Brexit weekly: 5 things

One down, two to go in the French election

With the EU starting the year facing three potentially severe blows to its future in the form of Dutch, French and German elections, there will have been a collective sigh of relief amongst Europhiles this week as the results of the first French presidential ballot was announced on Sunday.

While Marine Le Pen did make it to the second round of the French general election, receiving 21.3 % of the votes, she will now have to face Emanuel Macron (24.1 %), and not the other extremist Jean-Luc Mélenchon.  Mélenchon making the second ballot was feared by EU leaders, with such a scenario putting Le Pen on course for victory.

Instead, the next President will most likely be the youthful centrist, Emmanuel Macron, who could be described as the nearest to a viable establishment candidate. But with elections the world over proving during the last year that we should expect the unexpected, many across Europe will have some restless nights before the second ballot result is announced.

Regardless of which candidate wins on 7 May, the result will have huge implications for both Britain, and the EU. Macron has said the Brexit objective must be “to preserve the rest of the European Union and not to convey the message that you can decide to leave without any consequences.” If elected President, Macron would promote a tough stance towards the UK in Brexit negotiations. In contrast, Le Pen has said she will become Britain’s ally in Brexit but has vowed to hold her own referendums over France’s membership of the EU – which could call the future of the whole bloc into question.

Needless to say, the drama is far from over.

Labour and Brexit

Shadow Brexit secretary Sir Keir Starmer took to the microphone this week, seeking to map out Labour’s policy on quitting the European Union. Labour has been widely criticised by both the Conservatives and former Labour Prime Minister Tony Blair for a lack of clarity in its approach to Brexit.

Unfortunately for Sir Keir, it seems the confusion about what Labour ‘really wants’ continues.

Sir Keir said Labour will scrap May’s Brexit plans and guarantee the rights of EU residents before starting on further Brexit negotiations, if elected on 8 June. He also insisted Labour would ‘rip up’ the Government’s white paper and scrap the Great Repeal Bill while continuing to negotiate on membership of the Single Market and the customs union – claiming Labour would listen to the will of the people while potentially delaying the process of leaving in order to get a better deal.

Reaction to Sir Keir’s statement was decidedly mixed, with numerous commentators suggesting it left no-one any clearer as to Labour’s Brexit policy, and only emphasised the deep divisions within the Party on the issue. Unsurprisingly, Labour’s campaign focus thus far has been on public services, with strategists seeking to steer well clear of the Brexit debate.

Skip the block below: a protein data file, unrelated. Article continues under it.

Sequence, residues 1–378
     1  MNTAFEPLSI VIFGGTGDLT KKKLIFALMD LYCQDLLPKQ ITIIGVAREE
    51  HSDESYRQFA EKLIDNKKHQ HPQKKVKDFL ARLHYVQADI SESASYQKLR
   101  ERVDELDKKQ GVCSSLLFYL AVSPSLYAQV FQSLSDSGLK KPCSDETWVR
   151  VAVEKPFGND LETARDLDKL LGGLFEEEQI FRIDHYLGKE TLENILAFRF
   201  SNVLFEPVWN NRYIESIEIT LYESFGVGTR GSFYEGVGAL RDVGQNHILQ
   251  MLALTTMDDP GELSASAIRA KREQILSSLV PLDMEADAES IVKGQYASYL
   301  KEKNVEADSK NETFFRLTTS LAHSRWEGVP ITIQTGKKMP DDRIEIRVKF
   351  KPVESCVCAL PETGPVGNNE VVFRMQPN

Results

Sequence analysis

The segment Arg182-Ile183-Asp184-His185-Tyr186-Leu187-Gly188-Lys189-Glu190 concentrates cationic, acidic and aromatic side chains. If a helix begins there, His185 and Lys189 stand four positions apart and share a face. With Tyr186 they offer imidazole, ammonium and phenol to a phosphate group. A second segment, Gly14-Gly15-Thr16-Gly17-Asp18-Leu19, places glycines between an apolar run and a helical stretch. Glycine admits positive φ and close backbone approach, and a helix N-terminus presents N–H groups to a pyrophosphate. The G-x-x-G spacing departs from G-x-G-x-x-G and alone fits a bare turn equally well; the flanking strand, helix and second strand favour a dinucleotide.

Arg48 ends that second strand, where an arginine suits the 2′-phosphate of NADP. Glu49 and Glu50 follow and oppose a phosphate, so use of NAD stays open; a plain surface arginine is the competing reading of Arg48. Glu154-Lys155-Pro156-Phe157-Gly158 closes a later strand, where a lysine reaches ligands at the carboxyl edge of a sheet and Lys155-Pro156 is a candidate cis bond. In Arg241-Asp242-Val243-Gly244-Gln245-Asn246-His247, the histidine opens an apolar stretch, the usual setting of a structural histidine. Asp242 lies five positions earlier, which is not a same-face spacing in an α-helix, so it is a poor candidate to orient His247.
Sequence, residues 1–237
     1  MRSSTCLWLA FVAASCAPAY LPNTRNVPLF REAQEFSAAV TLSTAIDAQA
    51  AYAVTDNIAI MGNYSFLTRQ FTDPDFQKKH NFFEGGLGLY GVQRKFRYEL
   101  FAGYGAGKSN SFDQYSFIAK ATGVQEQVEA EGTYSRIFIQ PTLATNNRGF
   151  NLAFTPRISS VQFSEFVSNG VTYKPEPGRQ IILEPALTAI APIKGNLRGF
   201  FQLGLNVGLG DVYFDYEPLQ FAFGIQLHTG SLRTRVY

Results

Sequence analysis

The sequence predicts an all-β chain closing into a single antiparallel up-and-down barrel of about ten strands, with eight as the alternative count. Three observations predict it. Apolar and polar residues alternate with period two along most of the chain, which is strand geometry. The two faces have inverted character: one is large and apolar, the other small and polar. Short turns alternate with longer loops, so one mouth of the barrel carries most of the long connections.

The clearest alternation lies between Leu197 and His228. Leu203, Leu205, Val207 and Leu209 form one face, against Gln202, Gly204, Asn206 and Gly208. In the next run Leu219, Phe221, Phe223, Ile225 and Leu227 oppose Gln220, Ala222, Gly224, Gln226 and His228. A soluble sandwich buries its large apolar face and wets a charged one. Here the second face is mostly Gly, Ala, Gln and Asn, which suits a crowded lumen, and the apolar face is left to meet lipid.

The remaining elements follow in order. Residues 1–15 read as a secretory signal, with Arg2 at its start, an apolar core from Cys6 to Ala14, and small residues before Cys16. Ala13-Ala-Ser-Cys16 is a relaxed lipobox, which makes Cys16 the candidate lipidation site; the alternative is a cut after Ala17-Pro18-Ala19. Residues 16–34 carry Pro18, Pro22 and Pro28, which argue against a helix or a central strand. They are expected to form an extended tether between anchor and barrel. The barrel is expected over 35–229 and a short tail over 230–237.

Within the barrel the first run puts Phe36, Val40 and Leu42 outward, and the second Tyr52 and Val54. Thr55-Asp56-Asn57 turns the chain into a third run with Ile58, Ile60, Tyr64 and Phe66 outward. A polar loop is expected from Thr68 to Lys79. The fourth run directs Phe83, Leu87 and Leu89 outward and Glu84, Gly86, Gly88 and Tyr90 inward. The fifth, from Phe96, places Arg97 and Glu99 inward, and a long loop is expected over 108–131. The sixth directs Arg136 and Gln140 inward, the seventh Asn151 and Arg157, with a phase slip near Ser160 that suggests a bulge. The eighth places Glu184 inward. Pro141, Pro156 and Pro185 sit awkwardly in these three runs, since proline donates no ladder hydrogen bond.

May in Wales

To Wales, where Prime Minister Theresa May capitalised on Labour’s seeming Brexit confusion, calling the Party’s position ‘nonsensical’ and attempting to win votes in the historical Labour heartland. Repeating her new-found mantra, Ms May told the Welsh that a Conservative vote would ‘strengthen her hand’ in the Brexit negotiations and create a ‘stronger Wales’.

The Prime Minister is right to feel optimistic about her campaign. According to YouGov’s recent poll, the Conservatives could win a landslide victory in Whales – remarkable since the Conservatives have not won a majority of Welsh seats at a general election since the 1850s. If anything, the fact that she chose to visit Wales so early in her campaign points to her confidence in victory on 8 June.

We need to talk about the EU

With all the talk about the upcoming general election and how the Government is handling Brexit negotiations with the EU, it’s been striking how little political and media attention is being spent on trying to understand what the other 27 EU states think about the upcoming negotiations. After all, irrespective of how strong Theresa May’s mandate might be, she’ll still have to negotiate with all member states – and on evidence this week, they’re not for turning.

Angela Merkel’s told the German Bundestag this week that the current understanding across the continent is that the UK is under the illusion that it will be able to leave the union while keeping yielding the benefits of memberships. Considering the current unity of the other 27 EU members, the UK may have to take an eye off its election to consider the opinions of the states it soon will have to negotiate with.

Scottish membership: a dying dream?

Scottish independence is becoming more unlikely – at least if that’s if new polls are to believed. While First Minister Nicola Sturgeon remains committed to holding a vote on Scotland’s future between the autumn of 2018 and the spring of 2019, her fellow Scots are losing interest in the idea of an independent Scotland. According to a recent YouGov poll, a majority (51%) of the Scots don’t want another referendum either before or after 2019.

The lack of support for Scottish independence could be explained, in part at least, by the fact that many of those who voted for it in 2014 did not do so because they were persuaded by blood and soil nationalism, but because they felt political decisions about Scotland were being made too far from Scotland itself.

Unfortunately for Ms Sturgeon, Brexit now seems to have taken over some of that frustration. Indeed, a sizable minority (36 %) of SNP supporters share a will to leave the EU with other UK nationals. So with Brexit on the horizon, Scottish independence is seemingly becoming increasingly unlikely.


For more information about Brexit, the negotiations and their impact, please visit Project Brexit.